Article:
Just as proximity can breed empathy, distance can help estrange an audience from what they are seeing, and hopefully inspire them to consider their agency. I talked in my last blog about shifting the rules of the audience contract. We used distance to help create such a shift in Thou Proud Dream. As the soldiers marched off after the St. Crispin's Day speech, we directed the audience to stand at a distance as our protagonist Leroy confronted, and was ultimately overwhelmed by, some of his traumatic combat memories. Having felt close to the action in a visceral way, the audience stood helpless as Leroy collapsed in a panic. By establishing this distance, we hoped to estrange viewers from their position as co-creators of this Henry fantasy. We wanted them to question whether believing in this myth was helpful, or actually contributing to future pain.
I think this juxtaposition worked because it asked spectators to exist in an ambiguous space between intimacy and voyeurism. It created an ethical dilemma. So as I look to future productions, I hope to cultivate this same type of spatial tension again. But that does not mean there is a prescriptive formula. Proximity and distance can be used countless ways to achieve a desired effect.
Sometimes being too close to an event can be overwhelming and discomfiting. I think Griselda Gambaro’s Information for Foreigners, which I mentioned in my first post, uses proximity in this way. Spectators have to stand uncomfortably close to acts of violence while their narrator/guide lies to them about what is happening. They have to consider the ways governments and cultures frame violence.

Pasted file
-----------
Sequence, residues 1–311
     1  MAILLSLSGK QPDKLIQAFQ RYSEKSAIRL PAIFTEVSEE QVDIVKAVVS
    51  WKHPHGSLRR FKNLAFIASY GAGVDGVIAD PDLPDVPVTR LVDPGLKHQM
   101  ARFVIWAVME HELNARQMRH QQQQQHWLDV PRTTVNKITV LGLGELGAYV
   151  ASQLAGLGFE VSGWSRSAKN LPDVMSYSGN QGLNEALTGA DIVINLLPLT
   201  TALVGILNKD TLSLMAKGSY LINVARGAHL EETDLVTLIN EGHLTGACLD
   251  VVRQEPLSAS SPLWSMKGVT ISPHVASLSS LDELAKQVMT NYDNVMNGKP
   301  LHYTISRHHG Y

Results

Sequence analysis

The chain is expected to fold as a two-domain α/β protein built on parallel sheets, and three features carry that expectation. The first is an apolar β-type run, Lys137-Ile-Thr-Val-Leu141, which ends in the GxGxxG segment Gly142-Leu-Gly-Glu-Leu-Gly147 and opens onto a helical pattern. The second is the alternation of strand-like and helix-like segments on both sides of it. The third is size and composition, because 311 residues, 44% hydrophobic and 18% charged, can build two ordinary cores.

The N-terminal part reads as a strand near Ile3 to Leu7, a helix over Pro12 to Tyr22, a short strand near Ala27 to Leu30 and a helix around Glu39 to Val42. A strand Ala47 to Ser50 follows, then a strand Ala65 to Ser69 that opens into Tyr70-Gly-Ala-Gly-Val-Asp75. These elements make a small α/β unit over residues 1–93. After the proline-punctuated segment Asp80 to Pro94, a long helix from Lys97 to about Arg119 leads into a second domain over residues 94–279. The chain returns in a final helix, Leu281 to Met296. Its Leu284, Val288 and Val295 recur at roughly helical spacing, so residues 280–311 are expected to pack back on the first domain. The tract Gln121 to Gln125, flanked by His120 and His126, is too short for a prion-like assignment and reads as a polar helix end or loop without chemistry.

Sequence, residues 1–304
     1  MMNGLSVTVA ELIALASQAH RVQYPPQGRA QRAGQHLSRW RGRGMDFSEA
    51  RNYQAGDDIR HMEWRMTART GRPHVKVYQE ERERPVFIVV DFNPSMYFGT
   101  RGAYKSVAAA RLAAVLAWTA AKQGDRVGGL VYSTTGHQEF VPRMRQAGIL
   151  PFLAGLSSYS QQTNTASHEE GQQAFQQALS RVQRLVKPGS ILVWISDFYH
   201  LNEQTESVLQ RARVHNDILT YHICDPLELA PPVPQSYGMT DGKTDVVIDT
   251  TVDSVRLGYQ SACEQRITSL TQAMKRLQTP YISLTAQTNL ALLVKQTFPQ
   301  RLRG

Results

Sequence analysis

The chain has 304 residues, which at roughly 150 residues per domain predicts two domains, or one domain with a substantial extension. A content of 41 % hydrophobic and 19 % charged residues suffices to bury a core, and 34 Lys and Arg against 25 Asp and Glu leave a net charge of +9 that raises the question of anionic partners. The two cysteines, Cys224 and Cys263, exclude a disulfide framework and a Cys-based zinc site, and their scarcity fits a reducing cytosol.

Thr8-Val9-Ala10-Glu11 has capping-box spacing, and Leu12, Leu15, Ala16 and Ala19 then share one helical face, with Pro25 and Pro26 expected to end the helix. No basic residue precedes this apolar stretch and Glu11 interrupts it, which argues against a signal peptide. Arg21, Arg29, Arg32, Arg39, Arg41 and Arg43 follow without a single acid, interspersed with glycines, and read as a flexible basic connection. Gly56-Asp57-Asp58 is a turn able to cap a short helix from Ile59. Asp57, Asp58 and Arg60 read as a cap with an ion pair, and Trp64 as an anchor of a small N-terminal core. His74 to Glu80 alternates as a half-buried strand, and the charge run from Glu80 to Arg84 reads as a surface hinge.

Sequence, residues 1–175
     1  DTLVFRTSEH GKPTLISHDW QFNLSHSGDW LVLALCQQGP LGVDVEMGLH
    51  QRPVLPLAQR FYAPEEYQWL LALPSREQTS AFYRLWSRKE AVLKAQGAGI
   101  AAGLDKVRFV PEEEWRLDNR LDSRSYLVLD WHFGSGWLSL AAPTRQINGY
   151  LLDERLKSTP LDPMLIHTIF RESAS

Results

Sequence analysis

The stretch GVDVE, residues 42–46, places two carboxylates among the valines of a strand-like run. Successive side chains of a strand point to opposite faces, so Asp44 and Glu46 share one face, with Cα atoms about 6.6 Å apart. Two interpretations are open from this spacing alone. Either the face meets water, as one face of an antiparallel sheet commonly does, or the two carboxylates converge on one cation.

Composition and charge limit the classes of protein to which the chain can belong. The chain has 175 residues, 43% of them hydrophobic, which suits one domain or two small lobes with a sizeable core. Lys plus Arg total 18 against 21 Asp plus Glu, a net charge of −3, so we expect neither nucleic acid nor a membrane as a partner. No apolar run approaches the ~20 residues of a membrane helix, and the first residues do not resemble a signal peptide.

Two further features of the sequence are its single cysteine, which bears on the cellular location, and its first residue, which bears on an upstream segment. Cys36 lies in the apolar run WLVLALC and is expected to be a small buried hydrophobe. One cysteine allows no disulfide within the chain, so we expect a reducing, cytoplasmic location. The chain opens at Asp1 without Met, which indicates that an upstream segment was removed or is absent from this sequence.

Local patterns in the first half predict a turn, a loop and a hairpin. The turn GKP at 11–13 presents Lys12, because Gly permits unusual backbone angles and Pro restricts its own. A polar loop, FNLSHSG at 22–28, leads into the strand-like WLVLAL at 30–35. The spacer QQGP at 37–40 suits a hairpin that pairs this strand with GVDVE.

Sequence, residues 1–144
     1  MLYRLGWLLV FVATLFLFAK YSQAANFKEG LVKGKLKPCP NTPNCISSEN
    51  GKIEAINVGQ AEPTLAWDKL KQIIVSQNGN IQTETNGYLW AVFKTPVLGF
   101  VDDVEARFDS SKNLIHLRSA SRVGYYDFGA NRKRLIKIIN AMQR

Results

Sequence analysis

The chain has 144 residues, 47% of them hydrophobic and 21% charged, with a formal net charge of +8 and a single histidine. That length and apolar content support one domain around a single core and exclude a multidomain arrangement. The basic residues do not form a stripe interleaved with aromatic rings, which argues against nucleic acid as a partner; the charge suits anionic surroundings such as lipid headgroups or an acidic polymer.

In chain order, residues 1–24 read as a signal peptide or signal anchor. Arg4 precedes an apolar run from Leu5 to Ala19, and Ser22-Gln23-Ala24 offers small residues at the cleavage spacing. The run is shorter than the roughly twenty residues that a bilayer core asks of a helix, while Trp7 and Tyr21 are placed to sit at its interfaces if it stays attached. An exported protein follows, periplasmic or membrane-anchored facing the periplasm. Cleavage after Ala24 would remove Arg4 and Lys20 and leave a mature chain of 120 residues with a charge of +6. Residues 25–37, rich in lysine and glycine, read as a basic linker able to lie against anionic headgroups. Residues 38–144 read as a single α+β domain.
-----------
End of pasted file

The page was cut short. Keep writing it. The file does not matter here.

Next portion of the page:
Just as proximity can breed empathy, distance can help estrange an audience from what they are seeing, and hopefully inspire them to consider their agency.
Proximity can also be used to distance an audience emotionally. In Thou Proud Dream, our main character Leroy kept trying to draw spectators’ eyes towards certain images. He attempted to create a frame through which people could digest Henry’s exploits. But we kept disturbing the audience's focus by having other characters appear amongst or behind them. This made it harder to get lost in the emotions of any one scene, as spectators never knew where somebody might appear next.
Alternately, distance and scale can draw an audience in. Leading up to the St. Crispin's Day speech, we sat our audience in a field before a campfire where Henry V sat lost in thought. Thirty yards past this scene, we set up a series of other campfires where soldiers sat in small clumps. One could imagine a large, yet broken army spread out across the landscape. People loved this image because it increased the scale of the moment. Amidst this sad and sprawling backdrop, they got to watch King Henry wrestle with his doubts about his leadership.
One of the joys of interactive theatre is that each new location and new event opens up new possibilities for exploring these spatial tensions. Crowded spaces can feel incredibly intimate when used properly. A cavernous space can create awe, or allow for the emotional distance needed to apply rational thinking to some hot, controversial topic. It all depends on what we want the audience to ask when they leave that space.
But we always have to stay vigilant that we don’t land in the grey zone—that awkward space where the spectators are neither close to the action in some meaningful way, or distanced from it by some meaningful barrier. What kind of responsibility can possibly grow from being non-committal in our directing choices?